The reduction in spending was reported by newspaper VG on Thursday.
Defence minister Frank Bakke-Jensen said in a written response to a parliamentary question that government spending on defence would reach 1.56 percent of gross domestic product (GDP) this year.
It will then fall further to 1.5 percent in 2020 and remain at that level until 2024, according to the report.
“I am very surprised and actually a bit shocked,” MP Anniken Huitfeldt of the opposition Labour party, who heads parliament's foreign affairs and defence committee, told VG.
“We have been continually looking to get closer to Nato's goal of two percent. But now the government writes that we are actually moving away from that target. The Minister for Defence must provide an explanation for that,” Huitfeldt added.
According to Nato's own figures, Norway spent 1.59 percent of its GDP on defence in 2017. As such, 2018 will see a reduction in proportional spending according to the figure provided by the government.
Future figures are, though, uncertain, according to Bakke-Jensen's written response.
“They depend on the economic development in general, the decisions ratified by parliament and the fulfilment of current long-term plans, potential new resolutions in individual budgetary years and other aspects in relation to the implementation of ratified plans,” the minister's written response reads.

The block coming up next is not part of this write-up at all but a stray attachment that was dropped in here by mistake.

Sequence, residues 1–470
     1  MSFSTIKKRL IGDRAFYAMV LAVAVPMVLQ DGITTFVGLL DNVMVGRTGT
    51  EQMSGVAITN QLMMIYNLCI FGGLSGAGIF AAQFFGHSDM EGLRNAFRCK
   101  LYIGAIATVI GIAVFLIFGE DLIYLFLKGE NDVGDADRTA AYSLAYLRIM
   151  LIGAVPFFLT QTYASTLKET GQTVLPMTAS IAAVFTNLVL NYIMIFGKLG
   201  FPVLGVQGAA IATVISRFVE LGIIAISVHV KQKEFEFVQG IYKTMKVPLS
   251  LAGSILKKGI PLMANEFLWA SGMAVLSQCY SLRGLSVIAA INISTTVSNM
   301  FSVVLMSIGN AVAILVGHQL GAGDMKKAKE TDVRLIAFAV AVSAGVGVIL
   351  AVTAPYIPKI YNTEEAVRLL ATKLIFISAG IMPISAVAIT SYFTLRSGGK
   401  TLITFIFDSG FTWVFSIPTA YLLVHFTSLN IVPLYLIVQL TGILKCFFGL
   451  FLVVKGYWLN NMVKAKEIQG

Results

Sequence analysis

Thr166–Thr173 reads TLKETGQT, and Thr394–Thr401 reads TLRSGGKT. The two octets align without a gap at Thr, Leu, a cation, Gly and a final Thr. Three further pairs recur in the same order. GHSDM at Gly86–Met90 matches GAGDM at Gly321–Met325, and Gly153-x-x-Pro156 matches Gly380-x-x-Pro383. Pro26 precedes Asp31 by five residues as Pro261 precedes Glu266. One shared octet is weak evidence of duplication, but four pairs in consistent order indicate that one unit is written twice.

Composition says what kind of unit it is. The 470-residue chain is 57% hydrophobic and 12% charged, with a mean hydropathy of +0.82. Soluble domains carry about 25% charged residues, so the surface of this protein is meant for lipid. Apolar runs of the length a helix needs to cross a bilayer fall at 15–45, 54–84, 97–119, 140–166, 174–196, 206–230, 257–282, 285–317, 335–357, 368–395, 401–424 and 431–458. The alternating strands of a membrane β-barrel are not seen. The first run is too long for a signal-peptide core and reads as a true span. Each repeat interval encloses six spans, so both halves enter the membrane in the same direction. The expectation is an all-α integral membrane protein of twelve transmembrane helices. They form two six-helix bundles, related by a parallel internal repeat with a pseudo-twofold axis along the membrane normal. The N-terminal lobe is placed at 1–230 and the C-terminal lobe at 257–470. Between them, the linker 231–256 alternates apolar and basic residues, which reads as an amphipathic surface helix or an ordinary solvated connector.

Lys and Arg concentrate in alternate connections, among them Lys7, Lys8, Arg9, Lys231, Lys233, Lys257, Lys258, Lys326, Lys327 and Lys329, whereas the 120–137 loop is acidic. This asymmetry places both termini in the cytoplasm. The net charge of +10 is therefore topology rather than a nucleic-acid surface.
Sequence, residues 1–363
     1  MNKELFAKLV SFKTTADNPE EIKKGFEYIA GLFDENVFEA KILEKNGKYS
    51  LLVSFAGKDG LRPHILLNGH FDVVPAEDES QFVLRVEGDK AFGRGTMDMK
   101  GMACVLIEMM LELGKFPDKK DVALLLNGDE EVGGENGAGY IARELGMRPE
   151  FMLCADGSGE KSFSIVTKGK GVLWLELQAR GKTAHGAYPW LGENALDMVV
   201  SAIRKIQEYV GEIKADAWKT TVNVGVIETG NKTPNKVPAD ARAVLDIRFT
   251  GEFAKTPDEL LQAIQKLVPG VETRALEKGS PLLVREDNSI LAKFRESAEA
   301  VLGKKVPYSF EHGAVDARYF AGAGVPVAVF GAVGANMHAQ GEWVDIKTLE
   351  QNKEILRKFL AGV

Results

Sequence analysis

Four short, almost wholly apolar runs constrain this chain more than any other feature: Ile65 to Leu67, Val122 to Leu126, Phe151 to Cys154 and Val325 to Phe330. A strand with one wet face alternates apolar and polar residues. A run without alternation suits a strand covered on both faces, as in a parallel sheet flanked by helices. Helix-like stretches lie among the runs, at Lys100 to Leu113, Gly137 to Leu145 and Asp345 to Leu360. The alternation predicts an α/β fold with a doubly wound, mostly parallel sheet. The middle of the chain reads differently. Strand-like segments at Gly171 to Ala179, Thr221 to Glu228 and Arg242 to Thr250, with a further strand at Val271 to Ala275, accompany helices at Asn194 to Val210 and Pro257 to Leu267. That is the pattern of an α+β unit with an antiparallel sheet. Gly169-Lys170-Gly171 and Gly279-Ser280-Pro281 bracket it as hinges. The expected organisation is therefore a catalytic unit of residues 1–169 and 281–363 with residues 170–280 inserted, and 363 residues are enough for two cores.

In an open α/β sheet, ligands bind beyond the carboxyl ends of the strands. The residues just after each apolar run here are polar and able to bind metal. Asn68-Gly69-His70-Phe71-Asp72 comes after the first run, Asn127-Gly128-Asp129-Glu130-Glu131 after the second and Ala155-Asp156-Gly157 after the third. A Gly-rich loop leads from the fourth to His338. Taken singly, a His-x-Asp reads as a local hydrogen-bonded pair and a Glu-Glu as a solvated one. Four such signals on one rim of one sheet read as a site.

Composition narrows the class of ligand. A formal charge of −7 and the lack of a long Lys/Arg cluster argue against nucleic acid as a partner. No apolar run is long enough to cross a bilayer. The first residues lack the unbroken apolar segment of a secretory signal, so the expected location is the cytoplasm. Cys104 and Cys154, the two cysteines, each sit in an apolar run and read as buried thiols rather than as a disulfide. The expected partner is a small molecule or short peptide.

Nato member states are currently under pressure from US President Donald Trump and Nato General Secretary Jens Stoltenberg to meet the two percent target by 2024.
After meeting Prime Minister Erna Solberg in Washington, D.C. earlier this month, Trump said he had encouraged Norway to follow up on its commitment to reach the two percent target and suggested he believed that would soon happen, VG writes.
“Erna Solberg must answer as to whether she told the American president that we are actually moving away from the target now,” Huitfeldt told VG.
“Nato figures show that we have the lowest proportion of all the countries that border Russia,” she added.